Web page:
With induction charging, there’s no need to hook your car up to a charging cable. Just park over a special device and the battery charges wirelessly. How does this technology work, and what implications does it have for the automotive industry?
Discovered back in the first half of the 19th century, electricity transmission by induction has already culminated in many real-world consumer applications, from medical implants to smartphones and electric toothbrushes. In New ZOE, for example, there’s an induction charger that makes it possible to charge compatible smartphones wirelessly.
Wireless charging is based on the principle of electromagnetic induction. When an electric current is sent through a coil (a wound-up cable), it creates a magnetic field whose action generates another electric current in a second coil that’s some distance away.
This way electricity can be transferred from one device to another without physical contact. Regular applications for induction charging still need the charger and receiving device to be near to each other. That’s why these charging systems are sometimes called “near field.”
In the electric vehicle industry, induction charging could make it possible for cars to charge without a special socket or cable. In a static charging scenario, the electricity is still supplied by the charging station or Wallbox, but the electric current is sent to the car wirelessly via a charging pad over which the car just needs to be parked.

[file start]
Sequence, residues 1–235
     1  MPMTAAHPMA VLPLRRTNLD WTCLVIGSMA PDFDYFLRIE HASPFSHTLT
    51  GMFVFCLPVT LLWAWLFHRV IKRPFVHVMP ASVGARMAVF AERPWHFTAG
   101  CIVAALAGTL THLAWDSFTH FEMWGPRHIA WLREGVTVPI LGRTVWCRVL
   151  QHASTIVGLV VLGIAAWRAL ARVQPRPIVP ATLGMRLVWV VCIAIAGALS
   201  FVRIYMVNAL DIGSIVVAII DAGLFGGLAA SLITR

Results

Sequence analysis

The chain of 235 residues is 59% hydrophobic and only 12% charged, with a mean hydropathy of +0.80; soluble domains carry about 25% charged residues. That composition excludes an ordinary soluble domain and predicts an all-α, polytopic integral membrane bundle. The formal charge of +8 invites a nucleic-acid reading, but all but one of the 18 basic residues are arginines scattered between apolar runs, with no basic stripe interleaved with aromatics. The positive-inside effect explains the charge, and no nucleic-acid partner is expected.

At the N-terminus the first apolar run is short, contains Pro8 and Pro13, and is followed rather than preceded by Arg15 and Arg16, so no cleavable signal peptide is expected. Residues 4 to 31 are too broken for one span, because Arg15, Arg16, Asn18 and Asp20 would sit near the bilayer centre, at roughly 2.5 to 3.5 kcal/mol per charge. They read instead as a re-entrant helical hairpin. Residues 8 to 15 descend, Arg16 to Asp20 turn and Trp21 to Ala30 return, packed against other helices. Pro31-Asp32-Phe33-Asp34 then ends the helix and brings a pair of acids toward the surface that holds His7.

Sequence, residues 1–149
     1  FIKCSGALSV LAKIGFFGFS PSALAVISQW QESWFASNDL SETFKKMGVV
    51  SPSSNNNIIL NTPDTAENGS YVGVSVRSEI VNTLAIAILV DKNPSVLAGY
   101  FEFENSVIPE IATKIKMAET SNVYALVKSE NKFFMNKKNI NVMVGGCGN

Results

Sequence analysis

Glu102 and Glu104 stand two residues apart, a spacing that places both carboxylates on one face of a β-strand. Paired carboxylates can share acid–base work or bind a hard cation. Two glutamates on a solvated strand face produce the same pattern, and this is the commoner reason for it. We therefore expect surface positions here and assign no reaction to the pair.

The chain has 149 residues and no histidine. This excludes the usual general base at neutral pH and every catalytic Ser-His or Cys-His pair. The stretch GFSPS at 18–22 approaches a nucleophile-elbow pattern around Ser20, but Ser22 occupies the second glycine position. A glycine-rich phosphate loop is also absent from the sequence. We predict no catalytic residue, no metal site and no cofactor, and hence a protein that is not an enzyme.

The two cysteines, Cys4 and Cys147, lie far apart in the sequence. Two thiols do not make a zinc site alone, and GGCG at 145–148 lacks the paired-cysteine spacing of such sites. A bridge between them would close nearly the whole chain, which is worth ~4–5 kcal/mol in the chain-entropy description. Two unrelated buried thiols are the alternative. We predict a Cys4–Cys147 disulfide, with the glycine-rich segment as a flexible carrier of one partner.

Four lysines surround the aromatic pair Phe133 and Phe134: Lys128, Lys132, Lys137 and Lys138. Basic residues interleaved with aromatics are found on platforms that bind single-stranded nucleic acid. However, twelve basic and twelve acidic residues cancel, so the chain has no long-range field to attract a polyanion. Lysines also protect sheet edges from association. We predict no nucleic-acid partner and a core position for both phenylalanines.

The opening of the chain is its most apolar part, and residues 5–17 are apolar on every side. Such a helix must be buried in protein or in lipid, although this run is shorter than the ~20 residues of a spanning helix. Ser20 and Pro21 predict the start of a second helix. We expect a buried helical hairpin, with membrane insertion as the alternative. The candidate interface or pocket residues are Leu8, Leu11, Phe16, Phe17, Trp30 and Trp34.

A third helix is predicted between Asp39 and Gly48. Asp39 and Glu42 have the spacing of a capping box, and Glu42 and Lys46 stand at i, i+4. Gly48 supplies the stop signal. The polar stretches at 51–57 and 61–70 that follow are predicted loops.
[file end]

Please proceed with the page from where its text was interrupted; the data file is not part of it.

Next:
There’s no need to walk around the vehicle to plug in your cable, or tap your badge on the charging point: charging will start automatically as soon as the emitting and receiving coils are facing each other.
The real future of wireless charging, though, is not about the home, but rather its use out on the road, thanks to dynamic induction charging.
The principle: rather than being confined to parking lots, the charging coils are set right into the road. The electric car passing over them picks up their magnetic field and turns it into electricity, which supplies the car with energy while being driven and delays the need to stop at a charging station.
Renault has been taking part in research and development projects involving dynamic induction charging since 2012. For example, the Group supplied two Kangoo Z.E. vehicles fitted with a coil for the European Fabric research project, which led to the creation of a test route in Satory in the Greater Paris region. The challenge here is considerable: the installation of dynamic charging facilities would make it possible to significantly lengthen the range of electric cars without increasing their battery capacity.
Copyrights : IGphotography, Anthony Bernier
Cities & planning
Cities & planning